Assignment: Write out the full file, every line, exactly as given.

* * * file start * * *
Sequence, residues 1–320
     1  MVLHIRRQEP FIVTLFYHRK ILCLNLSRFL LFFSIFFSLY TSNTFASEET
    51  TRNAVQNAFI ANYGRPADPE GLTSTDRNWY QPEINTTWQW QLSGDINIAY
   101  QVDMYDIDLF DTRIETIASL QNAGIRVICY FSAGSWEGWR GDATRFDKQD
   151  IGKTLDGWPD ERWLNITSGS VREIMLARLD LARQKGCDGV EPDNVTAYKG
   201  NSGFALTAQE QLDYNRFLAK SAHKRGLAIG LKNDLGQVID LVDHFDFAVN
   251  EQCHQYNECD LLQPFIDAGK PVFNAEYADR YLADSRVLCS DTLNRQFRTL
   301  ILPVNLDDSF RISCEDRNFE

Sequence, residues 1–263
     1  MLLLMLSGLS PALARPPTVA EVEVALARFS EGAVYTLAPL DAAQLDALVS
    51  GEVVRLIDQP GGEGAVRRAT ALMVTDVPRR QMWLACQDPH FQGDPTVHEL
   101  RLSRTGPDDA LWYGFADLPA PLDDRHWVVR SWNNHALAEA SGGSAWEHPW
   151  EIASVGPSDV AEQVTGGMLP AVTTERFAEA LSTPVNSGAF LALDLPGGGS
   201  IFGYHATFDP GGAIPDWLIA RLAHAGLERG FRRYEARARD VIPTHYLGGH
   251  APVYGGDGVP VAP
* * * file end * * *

Sequence, residues 1–320
     1  MVLHIRRQEP FIVTLFYHRK ILCLNLSRFL LFFSIFFSLY TSNTFASEET
    51  TRNAVQNAFI ANYGRPADPE GLTSTDRNWY QPEINTTWQW QLSGDINIAY
   101  QVDMYDIDLF DTRIETIASL QNAGIRVICY FSAGSWEGWR GDATRFDKQD
   151  IGKTLDGWPD ERWLNITSGS VREIMLARLD LARQKGCDGV EPDNVTAYKG
   201  NSGFALTAQE QLDYNRFLAK SAHKRGLAIG LKNDLGQVID LVDHFDFAVN
   251  EQCHQYNECD LLQPFIDAGK PVFNAEYADR YLADSRVLCS DTLNRQFRTL
   301  ILPVNLDDSF RISCEDRNFE

Sequence, residues 1–263
     1  MLLLMLSGLS PALARPPTVA EVEVALARFS EGAVYTLAPL DAAQLDALVS
    51  GEVVRLIDQP GGEGAVRRAT ALMVTDVPRR QMWLACQDPH FQGDPTVHEL
   101  RLSRTGPDDA LWYGFADLPA PLDDRHWVVR SWNNHALAEA SGGSAWEHPW
   151  EIASVGPSDV AEQVTGGMLP AVTTERFAEA LSTPVNSGAF LALDLPGGGS
   201  IFGYHATFDP GGAIPDWLIA RLAHAGLERG FRRYEARARD VIPTHYLGGH
   251  APVYGGDGVP VAP